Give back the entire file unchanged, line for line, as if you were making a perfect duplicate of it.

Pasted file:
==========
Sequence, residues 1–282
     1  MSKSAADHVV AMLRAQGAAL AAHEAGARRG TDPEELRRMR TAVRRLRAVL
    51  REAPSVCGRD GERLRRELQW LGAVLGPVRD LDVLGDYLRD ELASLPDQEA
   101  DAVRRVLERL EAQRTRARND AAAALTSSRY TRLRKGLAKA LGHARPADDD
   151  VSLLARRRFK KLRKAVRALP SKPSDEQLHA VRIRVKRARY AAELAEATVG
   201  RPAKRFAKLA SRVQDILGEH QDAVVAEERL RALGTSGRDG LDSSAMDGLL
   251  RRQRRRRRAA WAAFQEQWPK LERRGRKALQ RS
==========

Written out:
Sequence, residues 1–282
     1  MSKSAADHVV AMLRAQGAAL AAHEAGARRG TDPEELRRMR TAVRRLRAVL
    51  REAPSVCGRD GERLRRELQW LGAVLGPVRD LDVLGDYLRD ELASLPDQEA
   101  DAVRRVLERL EAQRTRARND AAAALTSSRY TRLRKGLAKA LGHARPADDD
   151  VSLLARRRFK KLRKAVRALP SKPSDEQLHA VRIRVKRARY AAELAEATVG
   201  RPAKRFAKLA SRVQDILGEH QDAVVAEERL RALGTSGRDG LDSSAMDGLL
   251  RRQRRRRRAA WAAFQEQWPK LERRGRKALQ RS